Case Study: ISC & Kea

Recently, Timothy Winters, Senior Executive, Software and IP Networking, at the lab was interviewed by the Internet Systems Consortium, Inc. (ISC). Timothy is the United States Government IPv6 (USGv6) and IPv6 Ready Logo technical lead. In his role, he oversees various aspects in testing of IPv6 technology, deals with various multi-vendor IPv6 testing scenarios and acts as a liaison between students and vendors during device testing and development. Here are the findings.

How are you using Kea?

We have multiple use cases. We have been using it as a system to develop our IPv6 testing and tools. We also use it as one of our trusted partners in our interoperability testbed and as our DHCPv6 server for the lab.

Why did you decide to use Kea?

Well, we were confident that Kea was tracking the IPv6 standards because we know Tomek Mrugalski (DHCP Development Manager at ISC) from his work at the IETF (he is DHC working group co-chair). We use ISC DHCP for the DHCPv4 server in the lab. We are always trying to use the latest tools and equipment to ensure our testbed is up-to-date and provide the highest quality of testing for our customers. When we set up these particular tests, Kea was the newer option.

How do you use Kea in the UNH-IOL?

Mostly we use it for host addressing, but we also have tons of visitors who come in for events and on-site testing. Any visitor who connects to our network and needs an IPv6 address, can choose DHCP or SLAAC.

That is an interesting point. There is a big debate about when to use SLAAC vs DHCP. DHCP is clearly more useful when you need to keep records on clients, or specify a lot of options…

Our network is very open. We have loads of guest users, so we don’t track or keep records. However, we do get a lot of Microsoft Windows clients on-site. Until a recent update, Windows 10 clients needed to use DHCP to get DNS information, so those clients couldn’t use SLAAC.

Tell me about using Kea for testing IPv6

At the lab we do testing for 2 programs, the IPv6 Ready Logo Program, and the US government test program (USGv6). The IPv6 Ready Logo is a global program focused on promoting IPv6 support in networked products. People bring products from all over the world to test at the UNH-IOL. Products that pass get an IPv6 Ready Logo and are listed on the IPv6 Ready Logo Program Approved List demonstrating they work together in an IPv6 environment.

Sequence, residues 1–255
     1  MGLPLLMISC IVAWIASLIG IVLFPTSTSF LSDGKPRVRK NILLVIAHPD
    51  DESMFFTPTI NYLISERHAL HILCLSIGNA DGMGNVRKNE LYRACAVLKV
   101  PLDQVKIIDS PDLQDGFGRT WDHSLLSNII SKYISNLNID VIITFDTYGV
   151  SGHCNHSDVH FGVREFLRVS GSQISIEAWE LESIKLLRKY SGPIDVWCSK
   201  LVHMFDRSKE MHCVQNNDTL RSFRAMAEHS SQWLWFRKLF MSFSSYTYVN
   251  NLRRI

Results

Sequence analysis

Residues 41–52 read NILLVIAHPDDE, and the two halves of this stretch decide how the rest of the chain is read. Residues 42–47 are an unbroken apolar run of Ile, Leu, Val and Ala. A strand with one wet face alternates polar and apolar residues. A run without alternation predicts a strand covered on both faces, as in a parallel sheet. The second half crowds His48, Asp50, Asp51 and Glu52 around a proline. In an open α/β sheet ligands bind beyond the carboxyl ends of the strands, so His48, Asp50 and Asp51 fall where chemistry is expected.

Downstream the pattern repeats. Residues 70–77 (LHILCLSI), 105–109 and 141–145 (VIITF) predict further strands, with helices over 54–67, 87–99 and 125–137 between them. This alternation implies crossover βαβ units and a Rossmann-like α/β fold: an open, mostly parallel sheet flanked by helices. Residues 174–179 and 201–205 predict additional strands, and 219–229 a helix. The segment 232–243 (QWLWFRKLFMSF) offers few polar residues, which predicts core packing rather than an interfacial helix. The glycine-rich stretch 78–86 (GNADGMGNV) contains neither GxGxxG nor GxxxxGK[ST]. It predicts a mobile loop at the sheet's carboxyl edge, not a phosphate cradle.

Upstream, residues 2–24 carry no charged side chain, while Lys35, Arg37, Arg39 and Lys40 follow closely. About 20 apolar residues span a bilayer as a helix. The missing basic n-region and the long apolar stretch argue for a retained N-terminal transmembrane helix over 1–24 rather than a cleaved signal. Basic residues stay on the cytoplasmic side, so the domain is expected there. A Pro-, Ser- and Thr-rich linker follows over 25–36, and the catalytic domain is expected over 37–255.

The IPv6 Ready Logo Program has several different logos that can be acquired by a network device; There is a DHCPv6 logo which confirms a network device supports the role of a DHCPv6 server, client, or relay-agent. For this logo, there is a requirement to test against 4 different implementations. Depending on what DHCP role the product under test supports, it has to interoperate with 2 devices in each of the other two roles. 

The USGv6 Test Program uses the same test plans and requirements for agencies that want to purchase device that support DHCPv6. Kea is one of the DHCP server implementations that we commonly use for the testing. The other servers we use in our test include ISC DHCP, Cisco CNR, and Infoblox. 

What are some of the interoperability problem areas you commonly see in the lab? 

A lot of implementations just take ISC’s DHCP client and put that in their boxes but don’t implement them well – the client is running but doesn’t talk to the operating system correctly (e.g as far as releasing the address). We’ve encountered issues with clients getting DNS information from DHCPv6 but not being able to update the DNS on the OS. We see fewer issues on the server side than we see on the client side when testing. We do a ton of testing for the home gateways. One important feature service providers need is RECONFIGURE. ISC DHCP doesn’t support that feature. That’s why we started using the Dibbler DHCPv6 server in our testing. (Nb: Dibbler is another open source DHCP implementation, written by ISC’s Director of DHCP Development, Tomek Mrugalski, when he was a graduate student.)

Any comments about Kea, positive or negative? 

We have over 100 undergraduate students working at the lab. Kea has been easy for them to learn and use without a lot of support from staff which shows it is easy to use. We also have several of our student employees learning networking at the same time as they are learning testing. Some don’t have much exposure to networking so this is an excellent platform for learning on.

Have you thought about using Hooks to extend Kea? 

Yes we are certainly thinking about it. We host an annual high school summer internship program, HighTech Bound, and are thinking of having some of the interns work with hooks this upcoming year. For us, a really useful application would be automating the testing, either running the testing overnight, and/or configuring the tests. We could give these hooks to the companies we work with so they can implement them for their in-house testing.